At the heart of the new centre’s analysis is a cloud computing network tied into all elements of U.S. national security, from the eavesdropping capabilities of the National Security Agency to Homeland Security’s border-monitoring databases. The computer is designed to sift through masses of information to track militant suspects across the globe, said two U.S. officials familiar with the system.”
Well, there you have it. A “cloud computing network” took down the original Big Bad. Wrap up the season and let’s get on to a new story arc. But wait, you cry. WTH is a “cloud-computing network”? That sounds like bad marketing-speak, it’s meaningless babble. Do we know anything more about what exactly was “cloud” about this new intelligence-sifting and operational assistance center?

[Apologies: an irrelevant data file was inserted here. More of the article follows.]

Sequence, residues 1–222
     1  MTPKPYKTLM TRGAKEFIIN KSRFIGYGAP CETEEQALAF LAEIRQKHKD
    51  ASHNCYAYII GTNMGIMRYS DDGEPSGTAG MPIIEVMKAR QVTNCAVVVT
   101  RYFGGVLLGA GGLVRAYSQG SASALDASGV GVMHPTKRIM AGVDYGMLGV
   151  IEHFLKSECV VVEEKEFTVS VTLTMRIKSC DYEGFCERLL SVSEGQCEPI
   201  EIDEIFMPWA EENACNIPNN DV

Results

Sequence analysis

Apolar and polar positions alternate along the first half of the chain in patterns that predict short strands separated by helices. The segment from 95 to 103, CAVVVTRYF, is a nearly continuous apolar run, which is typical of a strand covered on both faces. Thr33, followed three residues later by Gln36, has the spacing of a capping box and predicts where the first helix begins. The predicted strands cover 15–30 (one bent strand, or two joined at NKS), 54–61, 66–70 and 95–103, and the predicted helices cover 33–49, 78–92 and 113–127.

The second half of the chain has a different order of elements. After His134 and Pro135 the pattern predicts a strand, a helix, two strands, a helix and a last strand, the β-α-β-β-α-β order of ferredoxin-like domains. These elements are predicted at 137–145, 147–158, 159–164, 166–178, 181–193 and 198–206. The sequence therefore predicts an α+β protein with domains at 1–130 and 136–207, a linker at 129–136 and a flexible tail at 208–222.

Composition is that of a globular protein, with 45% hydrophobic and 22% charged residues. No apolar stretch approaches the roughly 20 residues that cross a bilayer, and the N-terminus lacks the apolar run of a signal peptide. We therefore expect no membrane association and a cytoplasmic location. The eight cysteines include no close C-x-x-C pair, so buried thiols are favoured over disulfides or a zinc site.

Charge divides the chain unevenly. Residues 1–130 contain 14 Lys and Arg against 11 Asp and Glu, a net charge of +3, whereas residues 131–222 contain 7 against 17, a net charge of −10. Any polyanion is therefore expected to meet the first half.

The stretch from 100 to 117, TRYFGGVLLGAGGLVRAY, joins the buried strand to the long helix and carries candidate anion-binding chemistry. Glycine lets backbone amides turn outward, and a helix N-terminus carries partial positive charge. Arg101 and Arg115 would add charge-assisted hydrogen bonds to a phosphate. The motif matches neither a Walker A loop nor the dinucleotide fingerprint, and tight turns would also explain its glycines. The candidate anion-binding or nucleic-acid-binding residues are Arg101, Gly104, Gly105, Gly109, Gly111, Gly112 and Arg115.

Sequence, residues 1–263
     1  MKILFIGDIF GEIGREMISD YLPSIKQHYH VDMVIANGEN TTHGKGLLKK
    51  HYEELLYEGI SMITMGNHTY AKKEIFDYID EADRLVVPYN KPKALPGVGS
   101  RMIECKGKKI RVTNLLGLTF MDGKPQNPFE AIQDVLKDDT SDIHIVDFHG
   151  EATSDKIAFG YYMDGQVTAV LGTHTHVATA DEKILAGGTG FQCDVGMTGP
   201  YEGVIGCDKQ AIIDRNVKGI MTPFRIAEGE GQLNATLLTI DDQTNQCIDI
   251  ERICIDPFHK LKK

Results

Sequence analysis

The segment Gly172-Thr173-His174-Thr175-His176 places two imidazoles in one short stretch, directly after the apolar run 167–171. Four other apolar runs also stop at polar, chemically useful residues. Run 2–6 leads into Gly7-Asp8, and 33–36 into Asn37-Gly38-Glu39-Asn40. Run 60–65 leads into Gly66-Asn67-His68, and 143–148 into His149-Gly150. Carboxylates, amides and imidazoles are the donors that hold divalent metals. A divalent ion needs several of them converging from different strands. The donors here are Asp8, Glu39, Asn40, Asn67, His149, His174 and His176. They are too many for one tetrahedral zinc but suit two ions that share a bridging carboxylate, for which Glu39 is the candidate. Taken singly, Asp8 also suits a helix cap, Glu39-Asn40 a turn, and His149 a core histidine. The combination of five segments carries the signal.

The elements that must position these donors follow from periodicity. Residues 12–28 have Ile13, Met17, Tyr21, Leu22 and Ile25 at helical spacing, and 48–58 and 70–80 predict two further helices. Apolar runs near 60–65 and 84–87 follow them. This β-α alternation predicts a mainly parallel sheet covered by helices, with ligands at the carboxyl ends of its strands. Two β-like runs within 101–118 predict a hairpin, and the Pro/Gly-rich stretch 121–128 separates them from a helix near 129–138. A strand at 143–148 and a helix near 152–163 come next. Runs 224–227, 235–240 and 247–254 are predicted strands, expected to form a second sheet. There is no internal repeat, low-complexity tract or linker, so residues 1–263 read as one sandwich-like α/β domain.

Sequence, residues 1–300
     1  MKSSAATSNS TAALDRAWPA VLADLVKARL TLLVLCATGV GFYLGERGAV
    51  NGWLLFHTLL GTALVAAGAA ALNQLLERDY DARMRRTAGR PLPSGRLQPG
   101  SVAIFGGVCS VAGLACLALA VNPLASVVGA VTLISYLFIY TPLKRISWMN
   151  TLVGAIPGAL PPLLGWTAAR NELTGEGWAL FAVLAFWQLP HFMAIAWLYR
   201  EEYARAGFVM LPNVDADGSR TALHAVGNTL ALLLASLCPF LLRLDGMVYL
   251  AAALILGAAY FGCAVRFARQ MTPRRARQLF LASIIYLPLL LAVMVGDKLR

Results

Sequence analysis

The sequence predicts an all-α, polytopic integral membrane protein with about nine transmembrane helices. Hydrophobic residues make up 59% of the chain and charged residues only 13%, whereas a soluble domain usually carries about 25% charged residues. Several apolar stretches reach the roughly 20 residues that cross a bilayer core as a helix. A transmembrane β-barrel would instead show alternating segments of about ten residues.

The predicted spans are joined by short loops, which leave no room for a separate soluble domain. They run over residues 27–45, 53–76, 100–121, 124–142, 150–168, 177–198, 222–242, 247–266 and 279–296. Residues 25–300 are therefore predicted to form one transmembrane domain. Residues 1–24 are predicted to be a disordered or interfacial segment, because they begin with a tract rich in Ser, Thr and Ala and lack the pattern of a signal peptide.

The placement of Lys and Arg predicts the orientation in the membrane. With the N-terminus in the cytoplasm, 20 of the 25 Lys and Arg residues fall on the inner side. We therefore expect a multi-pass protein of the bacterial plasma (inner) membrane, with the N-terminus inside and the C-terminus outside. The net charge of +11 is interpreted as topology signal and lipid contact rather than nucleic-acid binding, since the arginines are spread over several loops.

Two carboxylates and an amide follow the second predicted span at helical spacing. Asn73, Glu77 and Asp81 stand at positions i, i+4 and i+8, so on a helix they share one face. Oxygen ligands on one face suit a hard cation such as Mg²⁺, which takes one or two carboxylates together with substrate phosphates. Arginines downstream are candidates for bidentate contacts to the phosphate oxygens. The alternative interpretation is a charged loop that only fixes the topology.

A spokesman for the United States Special Operations Command (USSOCOM), which is where JSOC gets its authority and marching orders, said there was nothing they could release at this time about the technology being used here.
However, a few months ago, I had a fascinating interview with Johan Goossens, director of IT for NATO Allied Command Transformation (ACT), headquartered in VA (probably not too far from JSOC’s high-tech spook base), about how NATO, driven in large part by the U.S. military, was putting into to play the lessons of cloud computing. He said, among other things, the heart of the new efforts he was leading were two-fold; a new way of looking at infrastructure as a fluid, highly standardized and interoperable resource built out in modular form and automated to run virtual machines and application stacks on command — cloud computing, in a word — and ways to marry vast networks of information and assets (human and otherwise) into a cohesive, useful structure.
Goossens’ project involved consolidating existing NATO data centers into three facilities; each one is federated using IBM technology and services. He started with software development as the obvious test case and said the new infrastructure will be operational sometime this year, which is “light speed by NATO standards.”